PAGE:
At least 20% of vertigo patients have BPPV (benign paroxysmal positional vertigo). It is one of the most common causes of vertigo in the U.S.
BPPV is an abnormal sensation of motion. It is caused by changes in head position that alter head orientation in relation to gravity. These changes include:
- Lying down
- Looking up at a high shelf
- Getting in or out of bed
- Tipping your head up or down
- Sitting up from a lying position
- Turning over while sleeping
- Other quick head movements
Benign paroxysmal positional vertigo leads to short incidences of mild to severe dizziness (vertigo). Although in most cases, the condition is rarely serious.
You can break down BPPV this way:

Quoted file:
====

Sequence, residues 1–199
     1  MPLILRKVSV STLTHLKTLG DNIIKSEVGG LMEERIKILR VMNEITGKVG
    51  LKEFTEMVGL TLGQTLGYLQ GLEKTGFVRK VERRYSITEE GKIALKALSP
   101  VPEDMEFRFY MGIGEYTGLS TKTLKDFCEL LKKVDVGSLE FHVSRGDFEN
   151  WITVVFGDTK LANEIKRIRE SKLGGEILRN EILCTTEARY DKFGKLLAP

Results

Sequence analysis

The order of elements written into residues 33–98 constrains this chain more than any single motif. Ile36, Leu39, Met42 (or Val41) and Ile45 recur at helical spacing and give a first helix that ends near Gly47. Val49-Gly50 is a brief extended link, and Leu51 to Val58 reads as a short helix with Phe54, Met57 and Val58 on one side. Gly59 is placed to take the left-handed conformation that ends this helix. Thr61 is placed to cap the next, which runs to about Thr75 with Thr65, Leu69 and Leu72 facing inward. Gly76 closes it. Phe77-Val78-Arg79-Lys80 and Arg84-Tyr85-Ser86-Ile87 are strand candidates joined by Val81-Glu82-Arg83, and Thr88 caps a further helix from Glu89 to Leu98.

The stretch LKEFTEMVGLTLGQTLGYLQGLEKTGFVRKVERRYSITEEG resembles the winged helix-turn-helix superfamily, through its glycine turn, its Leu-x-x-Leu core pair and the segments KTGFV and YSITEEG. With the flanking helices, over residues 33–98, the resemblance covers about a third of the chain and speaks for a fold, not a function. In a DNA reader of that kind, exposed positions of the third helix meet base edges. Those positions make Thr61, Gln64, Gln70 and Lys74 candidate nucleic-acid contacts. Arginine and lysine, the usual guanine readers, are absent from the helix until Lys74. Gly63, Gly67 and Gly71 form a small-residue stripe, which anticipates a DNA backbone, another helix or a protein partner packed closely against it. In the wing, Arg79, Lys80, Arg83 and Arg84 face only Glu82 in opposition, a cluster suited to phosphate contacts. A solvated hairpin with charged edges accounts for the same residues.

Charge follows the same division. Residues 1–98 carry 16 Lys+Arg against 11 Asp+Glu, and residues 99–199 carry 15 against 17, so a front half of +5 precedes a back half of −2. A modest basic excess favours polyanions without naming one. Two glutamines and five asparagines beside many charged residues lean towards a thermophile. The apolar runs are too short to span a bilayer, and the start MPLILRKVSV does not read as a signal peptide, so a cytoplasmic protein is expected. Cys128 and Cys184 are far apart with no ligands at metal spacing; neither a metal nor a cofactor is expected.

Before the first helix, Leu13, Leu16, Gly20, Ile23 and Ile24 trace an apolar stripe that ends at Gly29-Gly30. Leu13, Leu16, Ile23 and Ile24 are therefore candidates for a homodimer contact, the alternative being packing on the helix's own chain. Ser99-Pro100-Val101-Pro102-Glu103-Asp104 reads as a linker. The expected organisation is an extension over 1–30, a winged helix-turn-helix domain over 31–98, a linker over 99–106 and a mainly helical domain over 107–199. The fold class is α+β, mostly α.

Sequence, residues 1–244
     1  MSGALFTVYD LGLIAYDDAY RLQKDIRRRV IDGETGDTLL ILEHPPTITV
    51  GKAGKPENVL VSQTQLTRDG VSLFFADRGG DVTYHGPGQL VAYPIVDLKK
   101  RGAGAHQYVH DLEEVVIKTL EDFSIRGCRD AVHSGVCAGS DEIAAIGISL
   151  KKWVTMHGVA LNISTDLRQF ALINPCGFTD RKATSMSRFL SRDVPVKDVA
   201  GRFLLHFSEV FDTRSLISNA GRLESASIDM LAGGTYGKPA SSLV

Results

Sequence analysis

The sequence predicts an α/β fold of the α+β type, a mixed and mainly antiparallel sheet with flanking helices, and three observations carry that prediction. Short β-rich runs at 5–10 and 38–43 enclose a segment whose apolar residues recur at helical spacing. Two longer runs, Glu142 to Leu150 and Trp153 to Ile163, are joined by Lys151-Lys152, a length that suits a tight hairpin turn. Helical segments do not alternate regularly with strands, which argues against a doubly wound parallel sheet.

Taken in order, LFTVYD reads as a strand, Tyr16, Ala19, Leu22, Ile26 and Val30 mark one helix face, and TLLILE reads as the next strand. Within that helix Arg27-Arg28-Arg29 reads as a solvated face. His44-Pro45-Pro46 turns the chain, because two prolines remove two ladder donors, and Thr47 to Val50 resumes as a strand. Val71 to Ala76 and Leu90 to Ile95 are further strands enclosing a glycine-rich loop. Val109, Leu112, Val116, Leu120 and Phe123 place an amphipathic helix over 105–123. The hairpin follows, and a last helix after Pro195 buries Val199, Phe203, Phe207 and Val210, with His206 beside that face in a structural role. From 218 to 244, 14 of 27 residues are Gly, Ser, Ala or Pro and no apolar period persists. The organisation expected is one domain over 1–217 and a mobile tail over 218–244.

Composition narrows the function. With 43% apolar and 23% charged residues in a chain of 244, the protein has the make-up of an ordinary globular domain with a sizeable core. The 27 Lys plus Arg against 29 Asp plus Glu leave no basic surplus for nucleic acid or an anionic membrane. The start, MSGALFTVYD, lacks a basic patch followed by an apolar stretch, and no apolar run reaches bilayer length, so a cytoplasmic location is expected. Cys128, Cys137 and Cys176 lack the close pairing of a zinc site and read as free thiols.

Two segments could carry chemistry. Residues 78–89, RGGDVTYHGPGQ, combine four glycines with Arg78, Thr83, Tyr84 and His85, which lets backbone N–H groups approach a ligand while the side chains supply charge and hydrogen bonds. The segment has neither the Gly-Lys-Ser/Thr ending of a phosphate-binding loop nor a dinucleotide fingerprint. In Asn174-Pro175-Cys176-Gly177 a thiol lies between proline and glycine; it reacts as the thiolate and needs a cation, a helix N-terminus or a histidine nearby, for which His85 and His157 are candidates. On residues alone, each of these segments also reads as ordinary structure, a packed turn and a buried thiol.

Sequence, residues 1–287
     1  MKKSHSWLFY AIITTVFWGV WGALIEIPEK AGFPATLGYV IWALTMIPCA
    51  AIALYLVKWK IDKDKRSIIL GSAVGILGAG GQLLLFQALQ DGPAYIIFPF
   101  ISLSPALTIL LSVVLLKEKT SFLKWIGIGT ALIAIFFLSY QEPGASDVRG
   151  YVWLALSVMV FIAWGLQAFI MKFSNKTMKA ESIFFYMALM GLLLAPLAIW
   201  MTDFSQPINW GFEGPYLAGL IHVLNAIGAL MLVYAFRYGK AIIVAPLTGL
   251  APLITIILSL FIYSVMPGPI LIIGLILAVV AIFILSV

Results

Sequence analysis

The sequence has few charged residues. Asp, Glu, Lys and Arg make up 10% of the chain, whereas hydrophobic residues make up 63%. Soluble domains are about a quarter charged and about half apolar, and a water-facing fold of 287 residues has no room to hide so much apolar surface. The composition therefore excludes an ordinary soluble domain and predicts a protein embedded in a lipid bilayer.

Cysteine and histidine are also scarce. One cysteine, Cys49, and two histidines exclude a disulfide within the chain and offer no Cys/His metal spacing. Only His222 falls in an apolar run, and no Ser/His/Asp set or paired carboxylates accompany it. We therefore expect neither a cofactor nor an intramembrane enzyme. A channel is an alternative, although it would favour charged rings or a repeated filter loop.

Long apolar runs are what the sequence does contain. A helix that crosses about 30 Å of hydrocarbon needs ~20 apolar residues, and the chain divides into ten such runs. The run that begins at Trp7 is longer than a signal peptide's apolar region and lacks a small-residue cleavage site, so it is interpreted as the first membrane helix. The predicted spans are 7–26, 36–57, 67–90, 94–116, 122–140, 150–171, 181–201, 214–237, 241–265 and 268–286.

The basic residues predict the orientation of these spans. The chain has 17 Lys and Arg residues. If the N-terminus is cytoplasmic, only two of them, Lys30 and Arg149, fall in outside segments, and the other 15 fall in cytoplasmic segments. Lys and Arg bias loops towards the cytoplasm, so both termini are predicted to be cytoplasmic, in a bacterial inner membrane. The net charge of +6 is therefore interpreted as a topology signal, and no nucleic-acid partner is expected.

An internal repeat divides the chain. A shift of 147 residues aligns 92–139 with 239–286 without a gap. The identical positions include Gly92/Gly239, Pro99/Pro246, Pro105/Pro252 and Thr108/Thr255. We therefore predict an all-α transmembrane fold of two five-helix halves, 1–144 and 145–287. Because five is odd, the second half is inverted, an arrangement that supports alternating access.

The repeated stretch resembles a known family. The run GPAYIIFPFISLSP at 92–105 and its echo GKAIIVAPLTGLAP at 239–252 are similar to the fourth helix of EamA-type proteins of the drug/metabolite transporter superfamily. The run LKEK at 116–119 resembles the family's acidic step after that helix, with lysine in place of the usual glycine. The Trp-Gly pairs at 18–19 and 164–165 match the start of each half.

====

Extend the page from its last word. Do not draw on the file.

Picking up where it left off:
- Benign – the underlying cause is not life-threatening
- Paroxysmal – random attacks occur and for brief spells
- Positional – caused by certain changes in head position
- Vertigo – The feeling as if you are moving or the world is moving around
The Causes of Benign Paroxysmal Positional Vertigo
Your inner ear contains tiny calcium “stones” (otoconia) that maintain body balance. In normal circumstances, a head movement should change the position of these fragments. You may experience an inflammation or infection. These complications can hinder the stones from moving as expected.
These calcium stones float in the fluid of the labyrinth. Once they get detached, they move around in the inner ear. They also move into one of the semicircular canals, where they are not supposed to be.
These canals are responsible for sensing head rotation. They depend on fluid movement to detect head movement. Unfortunately, if there are enough stones, they can form a clump and can move to the lower part of the inner ear. They can also enter one of the canals.